This class contained at least seven black belts (dan) and many white belts (kyu). It was exciting to know that I have the opportunity to train with such a large variety of aikidoka.
Many of the moves we were working on were Kokyu Nages and variations on Kokyu Nage and or escapes from inconvenient grabs. The first black belt I worked with was a bartender named Jason. We were supposed to be doing a behind the back elbow lock with a throw. Since I have never taken ukemi for this technique, and I was not up to the high fall that Sensei Tim performed with Sensei Bernice I was at a loss as to what to do. Sensei Bernice saw a number of us strugling with the ukemi on this move and had Tim show us how to perform a back-fall from the technique.
I failed to perform a back-fall. Instead I ended up planting my right knee right into the top of Jason’s foot. He hopped around and sucked air for a good 20 seconds, while I knelt there feeling very small. He made a joke about it, explaining that he still had one good foot.
Finally, I worked with Don. Come to find out later, Don has been at Sunset Cliffs for over 30 years, was a work out partner with, and friend of Sensei Tim. Many times over the course of this week I was given corrections on the throw portion of morote dori kokyu ho (two handed grab on one arm, throw to the back). It was with Don’s direction I was able to put all that advice together and get what felt like a good throw.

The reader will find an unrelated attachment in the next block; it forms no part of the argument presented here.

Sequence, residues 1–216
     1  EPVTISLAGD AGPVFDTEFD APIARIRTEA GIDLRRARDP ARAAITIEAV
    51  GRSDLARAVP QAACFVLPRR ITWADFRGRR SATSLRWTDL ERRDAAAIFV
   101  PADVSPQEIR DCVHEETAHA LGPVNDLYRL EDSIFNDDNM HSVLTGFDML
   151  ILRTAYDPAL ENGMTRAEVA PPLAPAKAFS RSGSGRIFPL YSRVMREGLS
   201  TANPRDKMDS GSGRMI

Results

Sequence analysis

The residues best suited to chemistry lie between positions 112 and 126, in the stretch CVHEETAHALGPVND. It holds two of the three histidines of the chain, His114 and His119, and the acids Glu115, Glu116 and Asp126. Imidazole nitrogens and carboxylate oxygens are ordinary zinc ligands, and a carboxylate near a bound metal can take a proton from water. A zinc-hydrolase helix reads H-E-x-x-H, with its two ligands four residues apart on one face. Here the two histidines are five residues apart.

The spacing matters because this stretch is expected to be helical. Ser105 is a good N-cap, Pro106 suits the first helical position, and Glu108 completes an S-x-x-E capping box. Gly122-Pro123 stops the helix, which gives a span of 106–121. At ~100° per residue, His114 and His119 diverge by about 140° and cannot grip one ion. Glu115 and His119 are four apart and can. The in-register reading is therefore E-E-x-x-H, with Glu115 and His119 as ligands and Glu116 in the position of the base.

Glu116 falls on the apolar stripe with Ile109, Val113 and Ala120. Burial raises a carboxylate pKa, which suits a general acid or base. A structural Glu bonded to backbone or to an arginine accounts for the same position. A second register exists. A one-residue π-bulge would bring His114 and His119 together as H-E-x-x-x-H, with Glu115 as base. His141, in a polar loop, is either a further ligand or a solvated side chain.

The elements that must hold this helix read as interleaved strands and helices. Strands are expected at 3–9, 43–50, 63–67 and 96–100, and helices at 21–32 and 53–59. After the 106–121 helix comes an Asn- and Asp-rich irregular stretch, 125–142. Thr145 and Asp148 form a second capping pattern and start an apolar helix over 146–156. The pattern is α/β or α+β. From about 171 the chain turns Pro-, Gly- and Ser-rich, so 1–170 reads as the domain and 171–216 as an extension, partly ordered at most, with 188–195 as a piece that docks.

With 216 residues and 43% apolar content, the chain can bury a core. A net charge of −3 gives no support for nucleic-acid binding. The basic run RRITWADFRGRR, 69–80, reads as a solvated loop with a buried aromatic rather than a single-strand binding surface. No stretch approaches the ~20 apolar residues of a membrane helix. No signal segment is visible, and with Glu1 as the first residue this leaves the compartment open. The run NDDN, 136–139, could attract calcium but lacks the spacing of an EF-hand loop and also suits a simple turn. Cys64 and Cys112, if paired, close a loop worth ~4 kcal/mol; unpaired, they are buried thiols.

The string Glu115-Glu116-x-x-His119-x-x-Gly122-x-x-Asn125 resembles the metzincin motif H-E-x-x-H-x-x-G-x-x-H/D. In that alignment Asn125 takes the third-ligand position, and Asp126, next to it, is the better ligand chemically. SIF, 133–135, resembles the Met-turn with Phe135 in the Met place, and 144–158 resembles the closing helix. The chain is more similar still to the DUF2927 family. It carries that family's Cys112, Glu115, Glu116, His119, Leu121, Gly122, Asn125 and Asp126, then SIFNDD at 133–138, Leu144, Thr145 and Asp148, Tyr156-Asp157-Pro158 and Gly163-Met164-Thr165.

Afterward I was in my room trying to get my breathing normal and peeling off my wet gi I hear very familiar kiai. Walking out I see Sensei Tim taking ukemi for one of the dojo’s prospective first degree black belts. Like all other aspects of this trip, watching the rest of the sho dan test was educational.